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Olympus E-M5 vs Sony H400

The Olympus OM-D E-M5 and the Sony Cyber-shot DSC-H400 are two digital cameras that were officially introduced, respectively, in February 2012 and February 2014. The E-M5 is a mirrorless interchangeable lens camera, while the H400 is a fixed lens compact. The cameras are based on a Four Thirds (E-M5) and a 1/2.3-inch (H400) sensor. The Olympus has a resolution of 15.9 megapixels, whereas the Sony provides 19.9 MP.

Below is an overview of the main specs of the two cameras as a starting point for the comparison.

Headline Specifications
Olympus E-M5 versus Sony H400
Olympus E-M5 Sony H400
Mirrorless system camera Fixed lens compact camera
Micro Four Thirds lenses 24.5-1550mm f/3.4-6.5
15.9 MP, Four Thirds Sensor 19.9 MP, 1/2.3" Sensor
1080/60i Video 720/30p Video
ISO 200-25,600 ISO 80-3,200
Electronic viewfinder (1440k dots) Electronic viewfinder (210k dots)
3.0 LCD, 610k dots 3.0 LCD, 460k dots
Tilting touchscreen Fixed screen (not touch-sensitive)
9 shutter flaps per second 0.7 shutter flaps per second
In-body stabilizationLens-based stabilization
Weathersealed bodynot weather sealed
360 shots per battery charge300 shots per battery charge
122 x 89 x 43 mm, 425 g 130 x 95 x 122 mm, 628 g

Going beyond this snapshot of core features and characteristics, what are the differences between the Olympus OM-D E-M5 and the Sony Cyber-shot DSC-H400? Which one should you buy? Read on to find out how these two cameras compare with respect to their body size, their imaging sensors, their shooting features, their input-output connections, and their reception by expert reviewers.

Body comparison

The side-by-side display below illustrates the physical size and weight of the Olympus E-M5 and the Sony H400. The two cameras are presented according to their relative size. Three consecutive views from the front, the top, and the rear side are shown. All width, height and depth dimensions are rounded to the nearest millimeter.

The E-M5 can be obtained in two different colors (black, silver), while the H400 is only available in black.

Size Olympus E-M5 vs Sony H400
Compare E-M5 versus H400 top
Comparison E-M5 or H400 rear

If the front view area (width x height) of the cameras is taken as an aggregate measure of their size, the Sony H400 is notably larger (14 percent) than the Olympus E-M5. It is worth mentioning in this context that the E-M5 is splash and dust resistant, while the H400 does not feature any corresponding weather-sealing.

The above size and weight comparisons are to some extent incomplete and possibly misleading, as the H400 has a lens built in, whereas the E-M5 is an interchangeable lens camera that requires a separate lens. Attaching the latter will add extra weight and bulk to the setup. You can compare the optics available for the E-M5 and their specifications in the Micro Four Thirds Lens Catalog.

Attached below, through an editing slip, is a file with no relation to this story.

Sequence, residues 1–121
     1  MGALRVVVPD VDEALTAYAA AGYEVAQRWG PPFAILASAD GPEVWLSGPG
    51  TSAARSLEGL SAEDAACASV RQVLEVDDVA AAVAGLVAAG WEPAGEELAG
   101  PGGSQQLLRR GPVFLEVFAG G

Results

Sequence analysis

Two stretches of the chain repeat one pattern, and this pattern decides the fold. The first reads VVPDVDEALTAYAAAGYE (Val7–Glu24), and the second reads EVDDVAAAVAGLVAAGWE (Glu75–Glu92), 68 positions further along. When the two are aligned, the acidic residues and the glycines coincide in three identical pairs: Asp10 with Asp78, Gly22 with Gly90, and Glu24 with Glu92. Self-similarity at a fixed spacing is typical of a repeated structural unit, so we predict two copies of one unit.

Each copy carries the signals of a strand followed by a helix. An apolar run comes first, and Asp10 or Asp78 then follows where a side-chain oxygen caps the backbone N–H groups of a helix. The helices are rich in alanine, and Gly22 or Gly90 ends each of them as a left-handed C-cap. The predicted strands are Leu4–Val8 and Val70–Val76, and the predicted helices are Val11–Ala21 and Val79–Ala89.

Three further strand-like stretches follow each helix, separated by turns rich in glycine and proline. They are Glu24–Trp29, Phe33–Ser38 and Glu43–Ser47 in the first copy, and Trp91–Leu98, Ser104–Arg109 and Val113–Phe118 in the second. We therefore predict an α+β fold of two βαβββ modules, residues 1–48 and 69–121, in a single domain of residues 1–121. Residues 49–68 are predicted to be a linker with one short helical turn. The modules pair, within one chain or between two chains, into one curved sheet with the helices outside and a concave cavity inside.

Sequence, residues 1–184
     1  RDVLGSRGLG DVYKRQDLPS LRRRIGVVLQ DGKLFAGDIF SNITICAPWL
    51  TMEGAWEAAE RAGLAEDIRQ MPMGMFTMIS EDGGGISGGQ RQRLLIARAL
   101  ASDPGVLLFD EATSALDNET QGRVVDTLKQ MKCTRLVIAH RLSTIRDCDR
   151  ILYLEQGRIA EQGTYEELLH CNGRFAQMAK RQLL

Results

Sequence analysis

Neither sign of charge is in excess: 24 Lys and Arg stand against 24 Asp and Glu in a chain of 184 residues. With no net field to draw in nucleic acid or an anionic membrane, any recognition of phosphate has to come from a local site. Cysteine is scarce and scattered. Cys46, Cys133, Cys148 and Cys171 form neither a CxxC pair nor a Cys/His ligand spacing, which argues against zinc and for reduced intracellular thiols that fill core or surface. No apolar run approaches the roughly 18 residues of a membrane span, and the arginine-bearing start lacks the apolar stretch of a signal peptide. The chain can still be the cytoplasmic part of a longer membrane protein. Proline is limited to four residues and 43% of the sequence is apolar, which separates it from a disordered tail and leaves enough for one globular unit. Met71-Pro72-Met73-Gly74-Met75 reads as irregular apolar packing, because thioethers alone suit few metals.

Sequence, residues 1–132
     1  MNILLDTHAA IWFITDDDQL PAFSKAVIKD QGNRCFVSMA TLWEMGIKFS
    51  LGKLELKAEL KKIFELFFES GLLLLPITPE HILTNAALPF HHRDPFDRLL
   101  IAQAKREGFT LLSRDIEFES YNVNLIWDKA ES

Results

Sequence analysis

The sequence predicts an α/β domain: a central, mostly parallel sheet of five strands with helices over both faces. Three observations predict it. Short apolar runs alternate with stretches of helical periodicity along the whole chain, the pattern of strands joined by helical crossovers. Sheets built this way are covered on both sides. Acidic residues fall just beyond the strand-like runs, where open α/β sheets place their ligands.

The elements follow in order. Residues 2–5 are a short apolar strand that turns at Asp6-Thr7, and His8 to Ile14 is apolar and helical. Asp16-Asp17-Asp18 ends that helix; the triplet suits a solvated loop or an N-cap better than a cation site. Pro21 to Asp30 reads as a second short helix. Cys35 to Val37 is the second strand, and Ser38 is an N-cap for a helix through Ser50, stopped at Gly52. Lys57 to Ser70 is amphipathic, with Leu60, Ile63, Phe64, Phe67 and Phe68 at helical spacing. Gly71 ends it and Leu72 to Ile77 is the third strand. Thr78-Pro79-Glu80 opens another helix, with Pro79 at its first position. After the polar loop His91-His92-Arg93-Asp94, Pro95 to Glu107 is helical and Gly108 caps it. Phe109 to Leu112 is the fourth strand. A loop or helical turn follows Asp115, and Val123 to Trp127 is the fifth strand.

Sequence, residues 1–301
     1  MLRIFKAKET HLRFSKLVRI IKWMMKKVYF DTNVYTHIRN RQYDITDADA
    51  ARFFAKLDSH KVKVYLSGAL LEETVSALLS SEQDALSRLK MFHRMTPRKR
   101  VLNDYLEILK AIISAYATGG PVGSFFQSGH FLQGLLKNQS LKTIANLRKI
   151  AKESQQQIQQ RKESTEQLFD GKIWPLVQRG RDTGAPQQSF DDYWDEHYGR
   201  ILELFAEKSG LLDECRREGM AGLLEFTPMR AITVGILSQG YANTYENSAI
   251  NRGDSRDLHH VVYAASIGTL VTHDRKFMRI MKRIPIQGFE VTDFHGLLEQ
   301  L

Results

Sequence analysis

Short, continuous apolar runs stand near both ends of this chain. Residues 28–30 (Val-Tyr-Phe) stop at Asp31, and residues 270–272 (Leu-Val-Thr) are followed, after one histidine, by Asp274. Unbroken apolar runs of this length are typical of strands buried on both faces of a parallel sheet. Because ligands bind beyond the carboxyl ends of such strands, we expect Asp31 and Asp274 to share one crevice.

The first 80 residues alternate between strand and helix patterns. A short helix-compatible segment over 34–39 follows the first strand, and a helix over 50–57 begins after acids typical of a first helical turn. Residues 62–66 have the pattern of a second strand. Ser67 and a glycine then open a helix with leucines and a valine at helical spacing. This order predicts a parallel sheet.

The adjacent table lists the principal physical characteristics of the two cameras alongside a wider set of alternatives. If you would like to visualize and compare a different camera combination, you can navigate to the CAM-parator app and make your selection from a broad list of cameras there.

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Body Specifications
    Camera
Model
Camera
Width
Camera
Height
Camera
Depth
Camera
Weight
Battery
Life
Weather
Sealing
Camera
Launch
Launch
Price (USD)
Street
Price
1.
 
Olympus E-M5 122 mm 89 mm 43 mm 425 g 360 Y Feb 2012 1,299i
2.
 
Sony H400 130 mm 95 mm 122 mm 628 g 300 n Feb 2014 319 i
3.
 
Canon SX410 104 mm 69 mm 85 mm 325 g 185 n Feb 2015 279i
4.
 
Canon SX710 113 mm 66 mm 35 mm 269 g 230 n Jan 2015 349i
5.
 
Olympus PEN-F 125 mm 72 mm 37 mm 427 g 330 n Jan 2016 1,199i
6.
 
Olympus E-M5 II 124 mm 85 mm 45 mm 469 g 310 Y Feb 2015 1,099i
7.
 
Olympus E-PL7 115 mm 67 mm 38 mm 357 g 350 n Aug 2014 599i
8.
 
Olympus E-M1 130 mm 94 mm 63 mm 497 g 350 Y Sep 2013 1,399i
9.
 
Olympus E-P5 122 mm 69 mm 37 mm 420 g 330 n May 2013 999i
10.
 
Olympus E-PL5 111 mm 64 mm 38 mm 325 g 360 n Sep 2012 599i
11.
 
Olympus E-PM2 110 mm 64 mm 34 mm 269 g 360 n Sep 2012 499i
12.
 
Panasonic GX8 133 mm 78 mm 63 mm 487 g 330 Y Jul 2015 1,199i
13.
 
Panasonic GX7 123 mm 71 mm 55 mm 402 g 350 n Aug 2013 999i
14.
 
Panasonic GH3 133 mm 93 mm 82 mm 550 g 540 Y Sep 2012 1,299i
15.
 
Sony HX400V 130 mm 93 mm 103 mm 660 g 300 n Feb 2014 499 i
16.
 
Sony H300 128 mm 89 mm 92 mm 590 g 350 n Feb 2014 219 i
17.
 
Sony H200 123 mm 83 mm 87 mm 530 g 240 n Jan 2013 249 i
Notes: Measurements and pricing do not include easily detachable parts, such as add-on or interchangeable lenses or optional viewfinders.

The price is, of course, an important factor in any camera decision. The retail prices at the time of the camera’s release place the model in the market relative to other models in the producer’s line-up and the competition. The H400 was launched at a lower price than the E-M5, despite having a lens built in. Normally, street prices remain initially close to the MSRP, but after a couple of months, the first discounts appear. Later in the product cycle and, in particular, when the replacement model is about to appear, further discounting and stock clearance sales often push the camera price considerably down.

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Sensor comparison

The size of the imaging sensor is a crucial determinant of image quality. All other things equal, a large sensor will have larger individual pixel-units that offer better low-light sensitivity, wider dynamic range, and richer color-depth than smaller pixels in a sensor of the same technological generation. Moreover, a large sensor camera will give the photographer more control over depth-of-field in the image and, thus, the ability to better isolate a subject from the background. On the downside, larger sensors tend to be more expensive and lead to bigger and heavier cameras and lenses.